Hot weather is the perfect time for you and your pooch to go for a dip to cool off. Swimming can be a great low-impact exercise for dogs that’s good for circulation, weight management, and relaxing muscles. It’s also a great way to bond with your dog while having heaps of fun!

However, there are some precautions that need to be taken when going for a dip with your pup. Some dogs are natural swimmers whilst others don’t have the body type best designed for swimming - some can find it difficult to swim, leading to dangerous implications. It’s important to take the time to teach your dog to swim, introduce them to the water, prevent accidental drownings and prevent water poisoning.

How to introduce dogs to water

Some pups can be cautious of water and others are natural-born swimmers. Take the time to introduce them to water and make sure they can enjoy themselves. Short-legged or long-bodied breeds struggle in the water.

Introduce your dog to the water slowly and let them do everything at their own pace. Never push or pull your dog into the water as this can scare them. 

If you have a friend of a neighbour whose dog is a strong swimmer, invite them around to your place as your dog may be more tempted to try swimming themselves if they see another dog enjoying the water. But make sure you’re also there to hold them afloat till they get the hang of it!

How to teach dogs to swim

Create a situation that encourages your dog to enter the water on their own, like playing with you, a pool-safe toy or throwing a ball. 
Start in shallow water and stay close to your dog, let your dog get used to getting their paws wet. Don’t move out of the shallow water until your dog seems happy where they are.

Encourage gradual movement into deeper water and use lots of praise and positive reinforcement. Anytime your dog seems overwhelmed or scared, move to shallower water or dry land and let your dog calm down before trying again.

It’s also important to teach dogs how to exit the water so they can allow themselves to get out when they’re tired or they want to get in again.

Point dogs to the pool ramp, ladder or ledge when swimming together. Pool ramps can also be bought specifically for dogs! If you’re not able to enter the water with your dog, it’s important to stay near the exit to help your dog find the way.

Continue these steps until your dog understands how to get out of the water.

How to prevent your dog’s skin from being irritated

Redness or irritation can occur when dogs go into the pool and the chemicals (such as chlorine or salt water) react negatively with their skin – particularly if exposed for a long period of time!

To prevent your dog’s skin from getting irritated after being in the pool for a continuous amount of time, it’s important to:

  • Bathe your dog after every swimming session.
  • Restrict them from going in the pool if they had a previous allergic reaction.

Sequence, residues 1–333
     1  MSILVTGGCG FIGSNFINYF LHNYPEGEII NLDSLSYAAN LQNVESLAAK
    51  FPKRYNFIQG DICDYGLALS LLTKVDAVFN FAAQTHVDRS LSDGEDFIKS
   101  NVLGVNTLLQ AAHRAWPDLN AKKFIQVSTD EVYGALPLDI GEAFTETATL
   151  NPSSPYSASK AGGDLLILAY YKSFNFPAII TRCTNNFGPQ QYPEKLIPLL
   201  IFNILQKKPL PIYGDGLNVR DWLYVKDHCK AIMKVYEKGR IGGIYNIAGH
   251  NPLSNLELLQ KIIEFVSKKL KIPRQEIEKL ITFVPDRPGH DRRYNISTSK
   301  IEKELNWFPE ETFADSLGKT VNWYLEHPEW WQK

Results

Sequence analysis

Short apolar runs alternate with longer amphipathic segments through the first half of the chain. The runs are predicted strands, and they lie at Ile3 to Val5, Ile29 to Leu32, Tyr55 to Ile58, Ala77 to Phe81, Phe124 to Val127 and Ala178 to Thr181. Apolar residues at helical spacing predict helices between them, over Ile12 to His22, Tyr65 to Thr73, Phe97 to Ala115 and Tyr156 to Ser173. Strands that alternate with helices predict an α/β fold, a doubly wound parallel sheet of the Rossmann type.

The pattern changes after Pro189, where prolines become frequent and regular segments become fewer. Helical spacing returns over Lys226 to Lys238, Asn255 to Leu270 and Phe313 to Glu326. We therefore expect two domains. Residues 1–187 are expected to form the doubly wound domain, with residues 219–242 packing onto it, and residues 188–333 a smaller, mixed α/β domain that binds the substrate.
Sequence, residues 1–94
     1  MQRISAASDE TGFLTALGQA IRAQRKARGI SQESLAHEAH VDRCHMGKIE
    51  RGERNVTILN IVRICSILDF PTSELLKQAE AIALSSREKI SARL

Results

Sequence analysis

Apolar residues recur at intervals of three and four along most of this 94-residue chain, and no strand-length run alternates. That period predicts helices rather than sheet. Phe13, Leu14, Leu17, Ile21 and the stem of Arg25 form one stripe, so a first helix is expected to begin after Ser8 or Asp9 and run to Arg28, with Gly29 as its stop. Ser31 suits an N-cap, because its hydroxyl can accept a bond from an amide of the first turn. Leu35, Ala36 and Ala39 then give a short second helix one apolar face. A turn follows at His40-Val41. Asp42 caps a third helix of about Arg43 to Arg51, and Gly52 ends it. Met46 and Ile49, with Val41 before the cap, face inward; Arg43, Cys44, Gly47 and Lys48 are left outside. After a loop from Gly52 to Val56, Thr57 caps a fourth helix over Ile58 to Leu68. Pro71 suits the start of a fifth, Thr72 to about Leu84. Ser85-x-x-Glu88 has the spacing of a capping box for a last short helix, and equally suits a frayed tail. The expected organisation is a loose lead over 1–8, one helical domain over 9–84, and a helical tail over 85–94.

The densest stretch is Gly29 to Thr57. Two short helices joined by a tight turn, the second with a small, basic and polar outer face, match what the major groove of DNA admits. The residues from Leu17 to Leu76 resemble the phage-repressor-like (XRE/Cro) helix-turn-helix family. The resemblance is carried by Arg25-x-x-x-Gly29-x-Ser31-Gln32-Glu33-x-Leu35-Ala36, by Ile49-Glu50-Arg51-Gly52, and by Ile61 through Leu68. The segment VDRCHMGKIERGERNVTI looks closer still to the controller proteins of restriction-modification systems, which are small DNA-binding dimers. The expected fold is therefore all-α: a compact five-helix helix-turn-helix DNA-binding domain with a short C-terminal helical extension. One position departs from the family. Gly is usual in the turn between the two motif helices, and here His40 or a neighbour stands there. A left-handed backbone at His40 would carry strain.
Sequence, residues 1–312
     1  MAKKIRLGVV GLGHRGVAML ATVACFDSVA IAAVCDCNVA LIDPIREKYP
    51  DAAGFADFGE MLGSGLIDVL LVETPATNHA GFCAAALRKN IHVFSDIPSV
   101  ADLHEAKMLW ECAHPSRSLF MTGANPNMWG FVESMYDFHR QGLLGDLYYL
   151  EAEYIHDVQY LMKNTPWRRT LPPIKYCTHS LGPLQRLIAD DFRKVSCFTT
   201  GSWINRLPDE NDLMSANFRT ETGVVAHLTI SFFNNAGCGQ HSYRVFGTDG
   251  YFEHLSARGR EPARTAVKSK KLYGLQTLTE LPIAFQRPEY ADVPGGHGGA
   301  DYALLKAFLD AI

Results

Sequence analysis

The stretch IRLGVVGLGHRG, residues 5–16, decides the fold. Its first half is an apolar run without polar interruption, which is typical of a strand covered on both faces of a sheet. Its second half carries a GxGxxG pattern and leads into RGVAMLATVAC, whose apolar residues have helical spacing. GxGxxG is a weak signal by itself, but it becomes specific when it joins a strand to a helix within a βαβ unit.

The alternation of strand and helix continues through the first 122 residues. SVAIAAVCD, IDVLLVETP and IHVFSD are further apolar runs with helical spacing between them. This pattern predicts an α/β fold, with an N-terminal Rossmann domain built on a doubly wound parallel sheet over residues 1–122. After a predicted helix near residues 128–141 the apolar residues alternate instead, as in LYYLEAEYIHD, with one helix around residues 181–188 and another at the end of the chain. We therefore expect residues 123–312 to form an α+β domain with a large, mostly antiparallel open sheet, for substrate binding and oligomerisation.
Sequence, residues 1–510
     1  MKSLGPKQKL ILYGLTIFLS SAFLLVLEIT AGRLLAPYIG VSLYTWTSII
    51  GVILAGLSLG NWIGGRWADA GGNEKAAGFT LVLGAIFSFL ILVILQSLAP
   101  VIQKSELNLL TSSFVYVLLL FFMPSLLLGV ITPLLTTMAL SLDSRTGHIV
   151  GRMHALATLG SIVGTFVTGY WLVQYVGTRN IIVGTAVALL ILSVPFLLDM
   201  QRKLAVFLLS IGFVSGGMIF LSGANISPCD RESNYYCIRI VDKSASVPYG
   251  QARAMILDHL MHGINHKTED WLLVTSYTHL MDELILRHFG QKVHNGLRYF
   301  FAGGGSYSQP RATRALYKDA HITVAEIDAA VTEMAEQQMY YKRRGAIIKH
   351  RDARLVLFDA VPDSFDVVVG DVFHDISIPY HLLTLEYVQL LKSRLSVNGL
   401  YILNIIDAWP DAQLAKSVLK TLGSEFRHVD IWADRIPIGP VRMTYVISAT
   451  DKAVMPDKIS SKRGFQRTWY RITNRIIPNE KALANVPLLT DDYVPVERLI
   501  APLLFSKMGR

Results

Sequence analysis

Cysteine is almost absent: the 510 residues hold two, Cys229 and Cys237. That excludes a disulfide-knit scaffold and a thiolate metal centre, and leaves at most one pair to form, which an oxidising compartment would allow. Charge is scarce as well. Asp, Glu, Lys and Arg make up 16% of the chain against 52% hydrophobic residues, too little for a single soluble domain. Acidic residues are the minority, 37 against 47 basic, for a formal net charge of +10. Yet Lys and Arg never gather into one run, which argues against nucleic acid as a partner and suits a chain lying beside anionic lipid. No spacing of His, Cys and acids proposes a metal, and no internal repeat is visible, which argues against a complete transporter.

• Dilute the pools chemicals (within a safe and hygienic capacity)
  • Take your dog to the vet if their condition worsens.

Check your dog’s paws and ears!

Too much exposure to chlorine can cause dry skin. If you notice your dog licking their paws excessively after being in the pool, their paw pads could be irritated.

Water in the ears can also lead to an infection, and dogs with floppy ears are prone to infections so make sure you give your dog’s ears a quick rub with a cotton ball to soak up excess moisture.

If it seems they’re pawing at their ears, shaking their heads more than usual, or you notice redness in the ear, then give your local vet a call.

How to prevent accidental drownings

Dogs need constant supervision when they’re inside or near the pool.

To prevent accidental drownings, you can:

  • Teach your dog to swim (we highly recommend Puppy Scent Work!)
  • Train them to enter and exit the pool using a ladder or stairs.
  • Supervise them constantly when they’re in the pool.
  • Get them a fitted life jacket.
  • Ensure the gate to the pool is locked when your dog is outside so they can’t access the pool unsupervised.

How to prevent water poisoning

Water poisoning or water intoxication can happen when a dog swallows too much water and as a result, the sodium levels in their blood become diluted.

Chlorinated and salt water can also be bad in excessive amounts so make sure to watch out for excessive drinking.

Preventing water poisoning is a key issue when it comes to pool safety for dogs so make sure you:

  • Keep a bowl of fresh water outside the pool for them to drink.
  • Keep an eye on them and take breaks for when your dog needs to urinate.
  • Encourage a break every 10-15 minutes to eliminate the risk of swallowing too much water.
  • Don’t throw large toys in the water for your dog, instead use a small, flat toy like a flying disc or a ball that can float and fits their mouth.